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It might feel awkward at first, but talking to your parents about sex can be a really good thing. They probably know more than you think and can answer your questions.

Do I really need to talk with my parents about sex?

Lots of teens talk with their parents about sex. If you feel safe talking with your parents about sex, do it. Sure, it can be a little embarrassing, but it's definitely worth starting the conversation. Your parents (or other adults you trust) can offer great information and advice.

One way to avoid awkwardness is to ask your parents what their values are when it comes to sex. This takes the pressure off of you to do all the talking and shows them that you respect their opinions.

You could start by saying something like, "Some of my friends are having sex. What do you think about that?" Or, "How did you first learn about sex?"

Asking them questions about what it was like when they were your age is a great way to learn, get their trust, and even hear some stories from their past. You can also try using something from a TV show or a movie to start the conversation. Your parents will probably really appreciate you being open with them. They may even be relieved that you brought it up!

If you’re not comfortable talking to your parents about sex, there are other people who you can open up to. Some people look to an older brother or sister, a cousin, a counselor, or a mentor. In other words, talk to someone older who you trust.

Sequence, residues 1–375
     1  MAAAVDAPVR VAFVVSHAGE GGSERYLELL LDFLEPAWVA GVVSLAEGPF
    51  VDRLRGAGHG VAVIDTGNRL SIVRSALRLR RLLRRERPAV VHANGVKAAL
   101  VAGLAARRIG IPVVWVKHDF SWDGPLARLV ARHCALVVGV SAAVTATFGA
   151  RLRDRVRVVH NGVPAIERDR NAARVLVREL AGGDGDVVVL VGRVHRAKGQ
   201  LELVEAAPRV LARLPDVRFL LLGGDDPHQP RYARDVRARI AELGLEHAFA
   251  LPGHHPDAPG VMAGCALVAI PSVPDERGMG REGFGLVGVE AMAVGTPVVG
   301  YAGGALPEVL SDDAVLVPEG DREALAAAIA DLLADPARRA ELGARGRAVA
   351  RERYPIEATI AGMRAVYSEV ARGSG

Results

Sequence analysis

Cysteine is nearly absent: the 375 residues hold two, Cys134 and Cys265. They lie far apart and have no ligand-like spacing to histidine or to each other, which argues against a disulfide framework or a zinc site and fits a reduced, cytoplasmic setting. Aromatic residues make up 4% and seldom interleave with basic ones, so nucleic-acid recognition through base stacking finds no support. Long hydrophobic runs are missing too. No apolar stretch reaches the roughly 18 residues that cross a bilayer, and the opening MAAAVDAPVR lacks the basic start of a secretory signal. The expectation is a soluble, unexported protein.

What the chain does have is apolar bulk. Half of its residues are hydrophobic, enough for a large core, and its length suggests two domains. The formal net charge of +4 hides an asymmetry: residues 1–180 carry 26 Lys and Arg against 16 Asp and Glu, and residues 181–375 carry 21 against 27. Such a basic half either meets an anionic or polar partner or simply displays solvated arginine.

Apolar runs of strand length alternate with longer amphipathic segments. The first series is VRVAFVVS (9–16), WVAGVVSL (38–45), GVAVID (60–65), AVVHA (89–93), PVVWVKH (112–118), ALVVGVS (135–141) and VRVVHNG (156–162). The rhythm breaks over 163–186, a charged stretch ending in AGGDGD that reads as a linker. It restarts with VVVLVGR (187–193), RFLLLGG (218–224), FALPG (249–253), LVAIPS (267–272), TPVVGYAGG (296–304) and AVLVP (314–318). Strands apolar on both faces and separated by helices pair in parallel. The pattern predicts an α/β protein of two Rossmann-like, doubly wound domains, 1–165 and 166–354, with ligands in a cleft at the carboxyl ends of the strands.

Do my parents need to be involved when I make decisions about sex?

Decisions about sex are very personal and private, but there are some good reasons to involve your parents. Your parents or another adult in your family you trust:

  • Might have good advice on whether you should start or continue a sexual relationship, based on a ton of life experience.

  • Could suggest ways to help prevent pregnancy and STDs. They could even go with you to get tested, get birth control, or the HPV vaccine. Their health insurance might cover the cost of your doctor’s visit.

  • Can support you during difficult situations like dealing with an unplanned pregnancy, STD, or sexual assault.

Your parents care about you and want to be involved in your life. They were your age once, and they know what it’s like to be a teenager. They’ll probably be proud of you for being responsible about your health. Get more tips on talking with your parents about sex and your body.

If you decide you can’t involve your parents in your decisions about sex, you can still take care of your health. Most states have laws that let teens get STD testing and birth control without their parents. You can also check with your local Planned Parenthood health center to see if they can give you free or low cost health care, without using your parents’ insurance. Some states have special programs that help teens get their own private health insurance plan for sexual health services. Learn more about going to the doctor.

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